Next stop: Jaipur. Also known as the Pink City. The pink color has its own history. In 1876, the Prince of Wales (Albert) and Queen Victoria visited India on a tour. Since pink denotes the color of hospitality, Maharaja Ram Singh of Jaipur painted the whole city pink in color to welcome the guests. The tradition has been followed by the residents who, if they live in the old city, must have a pink house. 

We visit the Amber Fort/Amber Palace. In India, no one distinguishes between sheep and goats or forts and palaces. There seems to be much overlap and too much detail would be overwhelming so we are happy to just enjoy the magic. The ornamentation is truly spectacular. There are halls of mirrors and marble everywhere. Frescoes and paintings adorn all. Then we are off to the City Palace. It is too simple a name for a structure this grand and impressive. 

We visit Jantar Mantar, translated as Calculation Instrument. This observatory was built between 1728 and 1734 by Maharajah Jai Singh. Here is the largest sun dial in the world and many enormous astrological instruments. Once a year, a local astrologer makes predictions for the following year that are often 75% correct regarding weather and such things as rainfall. For 2014/2015, to date, he has been 100% correct. We are told that in 2015, there will be a lot of rainfall in August but not before or after. Lucky us, the weather has been glorious. Perfect temperatures and clear blue skies. The instruments are extremely impressive and on a very large scale. The creators of this were men so ahead of their time. 

We learn that movie houses play an important part in street culture. Street kids make money recycling and spend some money escaping life to see a movie. Once there, they are not  bothered by anyone and can sleep or watch a movie or sniff glue. They also all have a good outfit in which they can get dressed up and then crash a wedding. Since there are 600-700 at the wedding, once dressed up, no-one notices that they do not belong and they enjoy the food and the fun at the wedding!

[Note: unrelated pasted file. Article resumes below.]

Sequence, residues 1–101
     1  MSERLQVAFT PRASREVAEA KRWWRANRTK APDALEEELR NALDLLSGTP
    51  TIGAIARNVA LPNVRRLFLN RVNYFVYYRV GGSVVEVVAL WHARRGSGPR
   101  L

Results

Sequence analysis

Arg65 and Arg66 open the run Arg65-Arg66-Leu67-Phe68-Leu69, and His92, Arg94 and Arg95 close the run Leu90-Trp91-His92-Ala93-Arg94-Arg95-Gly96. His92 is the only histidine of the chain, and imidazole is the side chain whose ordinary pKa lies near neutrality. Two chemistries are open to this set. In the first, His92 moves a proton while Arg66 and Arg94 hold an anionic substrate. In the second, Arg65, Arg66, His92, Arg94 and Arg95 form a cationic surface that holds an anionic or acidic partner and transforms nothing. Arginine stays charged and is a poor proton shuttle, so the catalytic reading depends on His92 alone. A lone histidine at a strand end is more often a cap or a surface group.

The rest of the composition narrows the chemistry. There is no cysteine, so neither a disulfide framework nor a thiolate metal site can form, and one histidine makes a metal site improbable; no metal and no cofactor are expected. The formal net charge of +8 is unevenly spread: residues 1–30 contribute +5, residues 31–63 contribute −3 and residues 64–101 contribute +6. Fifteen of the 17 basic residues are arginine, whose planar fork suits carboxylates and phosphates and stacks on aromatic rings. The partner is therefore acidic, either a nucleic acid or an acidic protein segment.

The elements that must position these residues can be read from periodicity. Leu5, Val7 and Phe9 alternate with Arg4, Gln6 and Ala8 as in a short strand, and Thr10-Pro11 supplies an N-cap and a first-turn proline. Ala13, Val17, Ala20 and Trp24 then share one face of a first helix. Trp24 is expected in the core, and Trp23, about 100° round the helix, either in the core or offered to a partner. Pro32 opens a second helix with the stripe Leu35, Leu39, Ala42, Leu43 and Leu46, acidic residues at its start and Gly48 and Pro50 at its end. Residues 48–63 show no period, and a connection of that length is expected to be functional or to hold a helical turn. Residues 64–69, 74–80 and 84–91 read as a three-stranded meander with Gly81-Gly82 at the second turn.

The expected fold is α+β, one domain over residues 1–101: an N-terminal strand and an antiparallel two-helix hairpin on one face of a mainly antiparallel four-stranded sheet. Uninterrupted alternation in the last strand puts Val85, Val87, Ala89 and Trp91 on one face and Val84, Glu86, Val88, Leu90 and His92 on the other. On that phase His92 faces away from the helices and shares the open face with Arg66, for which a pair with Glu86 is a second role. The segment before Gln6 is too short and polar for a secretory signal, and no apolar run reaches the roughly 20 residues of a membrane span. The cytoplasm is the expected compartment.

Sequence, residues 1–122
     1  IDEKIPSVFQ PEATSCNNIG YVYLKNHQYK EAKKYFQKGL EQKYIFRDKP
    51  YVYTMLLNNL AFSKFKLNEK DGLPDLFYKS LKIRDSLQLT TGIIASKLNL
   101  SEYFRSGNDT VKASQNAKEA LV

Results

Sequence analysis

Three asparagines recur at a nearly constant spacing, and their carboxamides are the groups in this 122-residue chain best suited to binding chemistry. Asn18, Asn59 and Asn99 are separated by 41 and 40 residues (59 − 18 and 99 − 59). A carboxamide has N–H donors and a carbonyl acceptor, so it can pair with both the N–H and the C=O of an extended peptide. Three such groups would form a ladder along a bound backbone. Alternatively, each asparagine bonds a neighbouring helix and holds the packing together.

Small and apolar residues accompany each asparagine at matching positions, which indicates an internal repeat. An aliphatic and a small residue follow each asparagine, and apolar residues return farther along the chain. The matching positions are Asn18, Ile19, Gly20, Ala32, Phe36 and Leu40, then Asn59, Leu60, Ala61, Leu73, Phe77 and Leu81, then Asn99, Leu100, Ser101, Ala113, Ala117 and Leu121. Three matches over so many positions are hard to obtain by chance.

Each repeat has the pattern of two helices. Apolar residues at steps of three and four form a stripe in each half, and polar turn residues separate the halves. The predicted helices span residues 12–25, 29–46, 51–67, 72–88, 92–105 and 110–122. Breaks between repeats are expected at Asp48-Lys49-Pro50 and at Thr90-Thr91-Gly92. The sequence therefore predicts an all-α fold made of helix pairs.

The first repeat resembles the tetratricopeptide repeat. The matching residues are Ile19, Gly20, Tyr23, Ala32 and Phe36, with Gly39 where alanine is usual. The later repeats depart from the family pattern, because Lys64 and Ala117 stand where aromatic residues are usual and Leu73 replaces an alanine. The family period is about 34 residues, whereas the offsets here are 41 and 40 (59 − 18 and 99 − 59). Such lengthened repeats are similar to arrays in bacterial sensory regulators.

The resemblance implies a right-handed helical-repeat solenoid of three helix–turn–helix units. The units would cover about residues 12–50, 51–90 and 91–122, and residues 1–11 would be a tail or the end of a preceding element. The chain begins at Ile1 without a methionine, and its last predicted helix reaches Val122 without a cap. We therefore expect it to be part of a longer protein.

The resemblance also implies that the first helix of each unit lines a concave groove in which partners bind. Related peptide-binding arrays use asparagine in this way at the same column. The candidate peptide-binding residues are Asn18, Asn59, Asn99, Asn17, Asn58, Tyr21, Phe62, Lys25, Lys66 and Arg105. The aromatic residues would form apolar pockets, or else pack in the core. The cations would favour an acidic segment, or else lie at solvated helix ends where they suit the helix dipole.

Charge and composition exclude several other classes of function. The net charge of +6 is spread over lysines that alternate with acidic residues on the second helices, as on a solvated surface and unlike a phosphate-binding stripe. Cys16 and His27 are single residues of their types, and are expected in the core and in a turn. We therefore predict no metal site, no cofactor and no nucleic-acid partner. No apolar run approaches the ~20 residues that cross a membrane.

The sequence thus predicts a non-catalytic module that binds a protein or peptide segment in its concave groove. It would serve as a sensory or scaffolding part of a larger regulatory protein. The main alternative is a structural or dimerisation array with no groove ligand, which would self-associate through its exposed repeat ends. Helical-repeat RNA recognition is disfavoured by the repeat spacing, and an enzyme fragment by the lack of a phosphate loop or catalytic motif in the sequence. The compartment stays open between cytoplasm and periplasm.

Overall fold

Check out this picture...what do you think this is? Looks rather like a necklace maybe? It is a long circular staircase taken at a clever angle by one of the members of our group. 

At the City Palace in Jaipur, we learn that the gowns worn by ladies could weigh up to 40 kg. They were so heavy that ladies had to be carried around in wheelchairs as they could not walk. The outfits of days gone by are really something to behold. 

Stay tuned...we are off to Sawai Madhopur, home to Ranthambore National Park where we will have two game drives. Tigers are usually spotted here so here's hoping. 

Tuesday, 17 March 2015

MYANMAR: 1-13 MARCH, 2015

Here we are in far-flung Myanmar, a land of contradictions in South East Asia.
For many, many years, it has been closed to the rest of the world and has been governed by a military dictatorship. They don’t even know how to spell freedom. Express a political opinion loudly and off to prison you go to be tortured, beaten and mistreated as you cannot even imagine.

For the past 3 or 4 years, Myanmar has opened its doors, tourism is booming and some of the primitive charm of the place will doubtless disappear after a few years. In the villages and in the cities, native costume, the longyi, is still worn by men and women. To us, it appears to be a skirt but we have now seen so many different ways of wearing this very practical, versatile piece of fabric, which takes 4 days to spin on the loom. Most of the population wear a face paint: Thanaka. It is a natural cosmetic, sunscreen, anti-aging and insect repellent. It is worn in lovely designs on faces.

The country is divided longitudinally by the Irawaddy River. This serves for transportation and for irrigation for the whole country. We are cruising for two weeks on a river boat on this river.

85% of the population is Buddhist. There are a million temples scattered all over the country. Stupas and temples all fall under the umbrella of pagodas. There are ONE MILLION pagodas in this country.

The history of this country is a stormy one. The British and Japanese have both occupied Myanmar. Aung San finally achieved independence for Burma back in 1948. From 1962 to 2011, the country was ruled by a military junta that suppressed almost all dissent and wielded absolute power in the face of international condemnation and sanctions.